Joan Copjec has observed the Department of Modern Culture and Media at Brown for a long time, since the days it was doing business as the Program in Semiotics. She knew many of the early professors through her own work in cinema. “The department was always forward-looking, part of the vanguard of theory in the United States,” she said.
Now she arrives on campus as a colleague. Like the department itself, Copjec focuses her theoretical lens on a broad range of interests: cinema, psychoanalysis, feminism, philosophy, political theory, and architecture.
She began studying modern English literature, earning a bachelor’s degree at Wheaton College (with a minor in classics) and a master’s at the University of Wisconsin–Madison, where she began her doctoral work. This work led her into cinema studies and an ever-expanding course of inquiry.
“The English doctoral program required proficiency in a minor field,” she said. “I took some film courses simply to fulfill that requirement and my aspirations changed almost immediately. Before that moment I had never stopped to think that images — the entire visual field — could be discussed with the same level of sophistication as one brings to discussions of the written word. I decided to abandon my dissertation and to start all over by switching to film.”
She entered the world of cinema studies via the Orson Welles Film School in Cambridge, Mass., and then moved to England to study in the Film Unit of the Slade School of Fine Art, University College, London. As it turned out, she was studying film in real time, at the very moment it was emerging as an independent discourse. “It was a very exciting moment,” she said. “Screen magazine was publishing foundational texts and holding regular readers’ meetings. Weekend schools were put together outside the universities, which did not allow film courses to be taught as part of the regular curriculum. Filmmaker coops and alternative cinemas were popping up all over. This was all pioneering work. As a result of living through this adventure, I sometimes refer to myself as a ‘first-generation film theorist.’”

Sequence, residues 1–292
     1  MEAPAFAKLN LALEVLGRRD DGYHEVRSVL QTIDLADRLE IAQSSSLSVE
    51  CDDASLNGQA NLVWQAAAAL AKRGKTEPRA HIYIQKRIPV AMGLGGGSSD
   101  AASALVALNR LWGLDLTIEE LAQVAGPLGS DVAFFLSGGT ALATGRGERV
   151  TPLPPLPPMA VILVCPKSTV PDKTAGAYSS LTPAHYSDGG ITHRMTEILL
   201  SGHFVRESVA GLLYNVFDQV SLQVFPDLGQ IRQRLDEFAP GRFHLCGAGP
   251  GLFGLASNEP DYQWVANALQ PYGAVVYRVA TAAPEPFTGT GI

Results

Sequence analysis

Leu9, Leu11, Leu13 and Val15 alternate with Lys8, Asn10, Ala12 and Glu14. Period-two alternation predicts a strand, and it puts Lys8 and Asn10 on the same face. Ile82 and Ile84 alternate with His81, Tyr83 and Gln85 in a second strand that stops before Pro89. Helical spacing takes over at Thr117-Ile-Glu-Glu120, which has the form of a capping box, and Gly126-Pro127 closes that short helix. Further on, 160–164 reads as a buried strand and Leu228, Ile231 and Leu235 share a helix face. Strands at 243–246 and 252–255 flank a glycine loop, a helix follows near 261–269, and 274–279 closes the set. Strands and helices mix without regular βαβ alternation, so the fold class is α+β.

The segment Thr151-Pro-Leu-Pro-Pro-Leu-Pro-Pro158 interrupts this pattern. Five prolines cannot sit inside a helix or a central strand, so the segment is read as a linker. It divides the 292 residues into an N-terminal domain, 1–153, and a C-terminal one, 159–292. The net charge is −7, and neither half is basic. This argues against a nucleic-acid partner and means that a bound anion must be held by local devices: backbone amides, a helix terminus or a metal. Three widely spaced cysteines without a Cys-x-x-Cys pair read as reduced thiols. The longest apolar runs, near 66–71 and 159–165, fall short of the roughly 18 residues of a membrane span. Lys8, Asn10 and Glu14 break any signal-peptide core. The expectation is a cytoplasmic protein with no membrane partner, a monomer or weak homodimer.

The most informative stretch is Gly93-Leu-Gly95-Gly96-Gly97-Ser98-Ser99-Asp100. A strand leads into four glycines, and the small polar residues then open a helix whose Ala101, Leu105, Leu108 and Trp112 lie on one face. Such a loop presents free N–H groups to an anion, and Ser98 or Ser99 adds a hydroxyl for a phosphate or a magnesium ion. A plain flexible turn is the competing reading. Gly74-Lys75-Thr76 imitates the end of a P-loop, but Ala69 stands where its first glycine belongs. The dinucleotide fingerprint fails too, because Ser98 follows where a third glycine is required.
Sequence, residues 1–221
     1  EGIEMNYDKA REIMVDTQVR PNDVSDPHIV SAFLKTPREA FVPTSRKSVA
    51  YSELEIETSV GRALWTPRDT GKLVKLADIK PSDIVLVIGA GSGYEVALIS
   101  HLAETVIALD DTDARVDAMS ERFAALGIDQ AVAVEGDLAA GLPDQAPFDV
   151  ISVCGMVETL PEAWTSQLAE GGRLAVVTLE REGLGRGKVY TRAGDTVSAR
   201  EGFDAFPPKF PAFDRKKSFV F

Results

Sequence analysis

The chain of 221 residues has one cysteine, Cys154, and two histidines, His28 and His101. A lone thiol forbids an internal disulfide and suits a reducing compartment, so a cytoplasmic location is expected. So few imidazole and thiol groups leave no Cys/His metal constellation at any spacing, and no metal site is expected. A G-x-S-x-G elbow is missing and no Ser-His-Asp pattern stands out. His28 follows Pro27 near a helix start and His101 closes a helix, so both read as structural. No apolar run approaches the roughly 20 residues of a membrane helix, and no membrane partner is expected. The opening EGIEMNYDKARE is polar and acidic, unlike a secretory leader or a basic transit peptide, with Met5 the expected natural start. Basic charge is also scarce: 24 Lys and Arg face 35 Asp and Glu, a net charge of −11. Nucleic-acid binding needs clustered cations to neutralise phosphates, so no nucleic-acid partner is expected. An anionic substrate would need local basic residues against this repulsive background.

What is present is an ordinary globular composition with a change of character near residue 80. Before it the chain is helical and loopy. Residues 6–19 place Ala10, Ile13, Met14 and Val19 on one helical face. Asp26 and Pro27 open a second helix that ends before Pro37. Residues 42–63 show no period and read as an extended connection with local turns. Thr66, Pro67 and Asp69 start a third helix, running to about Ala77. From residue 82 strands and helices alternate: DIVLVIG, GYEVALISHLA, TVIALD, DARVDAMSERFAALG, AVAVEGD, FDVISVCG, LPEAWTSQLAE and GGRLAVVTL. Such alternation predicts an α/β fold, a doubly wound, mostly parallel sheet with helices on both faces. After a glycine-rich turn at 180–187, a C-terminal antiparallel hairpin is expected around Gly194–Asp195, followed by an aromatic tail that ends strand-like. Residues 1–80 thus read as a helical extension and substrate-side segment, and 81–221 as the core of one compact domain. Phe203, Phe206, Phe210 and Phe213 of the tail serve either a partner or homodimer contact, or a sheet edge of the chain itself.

The fledgling field of film was obliged to boot-strap its way into existence by borrowing from other discourses, primarily Marxism, psychoanalysis, and semiotics. In addition to her studies at the Slade School, Copjec began to attend courses in architecture and semiotics around London, to attend Marxist conferences, and to become more and more fascinated with the psychoanalytic theory of Jacques Lacan. Economical — she claims not to like to leave behind or “waste” knowledge she has gained — she has kept up with all these fields. She became a fellow at the Institute for Architecture and Urban Studies in New York (where she met and worked for a time with Anthony Vidler, who is also joining the Brown faculty this fall in the department of History of Art and Architecture); taught architecture and film theory at a variety of architecture schools; and was a long-time editor of the influential art journal, October, and of a book series, S, at Verso Press. But it was psychoanalytic theory to which she devoted most of her attention over the last two decades, serving as director of the Center for the Study of Psychoanalysis and Culture at the University at Buffalo and publishing the journal Umbr(a), which she founded in 1995 with her graduate students there.
Copjec has been a prolific scholar. She has written or edited 11 books, published nearly 60 essays in books and journals, and has given lectures at more than 160 conferences in the United States and internationally. Her work has been translated into a dozen languages.
Her most recent work, which is focused on the cinema of Abbas Kiarostami, the Iranian filmmaker, and medieval Islamic philosophy, will be published in her next book, tentatively titled Cloud: Between Paris and Tehran.